He performed seven surgeries.

I trusted him
in a way that I haven’t ever trusted
anyone else with my body.
Never.
Ever.
Except my husband.

So I thought I knew how much he meant to me before I finally made my appointment for that stupid pap smear Here.

I was so wrong.

Nothing at all went wrong with the appointment Here.

The physician was entirely competent and kind and professional. She was thorough and took a medical history as extensive as an archeologist on a dig. She tutored me on how to do a self breast exam and its importance. She inquired if I wore a seatbelt. She admonished me not to drink and drive. She warned that sending a text behind the wheel could kill me dead. She observed that there were treatment options available for recreational drug use and tobacco addiction. She inquired if my husband ever abused me and if I am safe in my relationship. She ordered blood panels and offered me a referral for a primary caregiver. She also asked to weigh me, inserted the speculum without telling me that she was gong to do it first and placed her finger in my bottom without a polite warning.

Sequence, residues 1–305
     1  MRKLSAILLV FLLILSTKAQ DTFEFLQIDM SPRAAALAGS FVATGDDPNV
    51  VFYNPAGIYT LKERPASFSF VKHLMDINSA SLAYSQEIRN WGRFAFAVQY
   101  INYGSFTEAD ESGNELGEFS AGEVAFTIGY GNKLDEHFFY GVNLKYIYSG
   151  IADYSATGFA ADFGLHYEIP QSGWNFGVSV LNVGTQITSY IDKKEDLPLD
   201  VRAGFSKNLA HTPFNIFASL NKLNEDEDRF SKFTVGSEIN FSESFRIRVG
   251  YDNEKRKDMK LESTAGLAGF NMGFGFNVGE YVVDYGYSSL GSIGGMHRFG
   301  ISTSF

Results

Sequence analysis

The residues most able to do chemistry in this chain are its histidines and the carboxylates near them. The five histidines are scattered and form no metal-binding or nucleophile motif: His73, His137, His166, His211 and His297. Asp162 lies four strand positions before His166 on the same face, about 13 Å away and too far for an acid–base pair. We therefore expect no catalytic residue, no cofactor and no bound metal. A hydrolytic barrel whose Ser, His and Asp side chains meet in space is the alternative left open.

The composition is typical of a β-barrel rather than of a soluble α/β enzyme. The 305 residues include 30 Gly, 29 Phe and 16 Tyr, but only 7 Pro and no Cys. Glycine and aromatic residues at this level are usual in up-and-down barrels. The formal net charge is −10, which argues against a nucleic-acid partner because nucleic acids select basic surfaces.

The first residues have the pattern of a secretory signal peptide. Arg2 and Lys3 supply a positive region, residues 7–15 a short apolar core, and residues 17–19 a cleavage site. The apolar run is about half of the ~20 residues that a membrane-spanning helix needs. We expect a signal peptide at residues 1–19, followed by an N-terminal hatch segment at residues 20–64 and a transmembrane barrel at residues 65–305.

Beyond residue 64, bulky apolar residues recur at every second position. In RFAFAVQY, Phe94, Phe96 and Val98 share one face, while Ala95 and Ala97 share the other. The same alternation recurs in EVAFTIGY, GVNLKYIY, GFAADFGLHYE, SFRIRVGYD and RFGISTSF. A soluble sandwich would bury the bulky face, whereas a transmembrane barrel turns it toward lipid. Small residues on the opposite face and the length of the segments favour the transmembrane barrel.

In other words, she didn’t know me.
Like, at all.

There was no malpractice and nothing inappropriate in the medical care she gave me.

As a woman physician, taking care of a woman with my medical history, she had every reason to expect I knew the ins and outs of a gynecological exam without verbal cue or someone to hold my hand.

Mine was a routine exam,
one of many she would do that day,
of the scores she would do that week,
of the countless thousands
she has done user career.

It was simply,
no biggy for her.
It was just,